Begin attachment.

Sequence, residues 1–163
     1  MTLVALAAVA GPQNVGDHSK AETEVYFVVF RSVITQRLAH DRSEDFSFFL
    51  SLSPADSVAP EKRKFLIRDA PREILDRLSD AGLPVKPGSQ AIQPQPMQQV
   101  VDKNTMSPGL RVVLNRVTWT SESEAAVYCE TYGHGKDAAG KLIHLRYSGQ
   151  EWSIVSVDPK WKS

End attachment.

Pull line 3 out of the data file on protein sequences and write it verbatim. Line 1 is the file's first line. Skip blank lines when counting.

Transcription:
    51  SLSPADSVAP EKRKFLIRDA PREILDRLSD AGLPVKPGSQ AIQPQPMQQV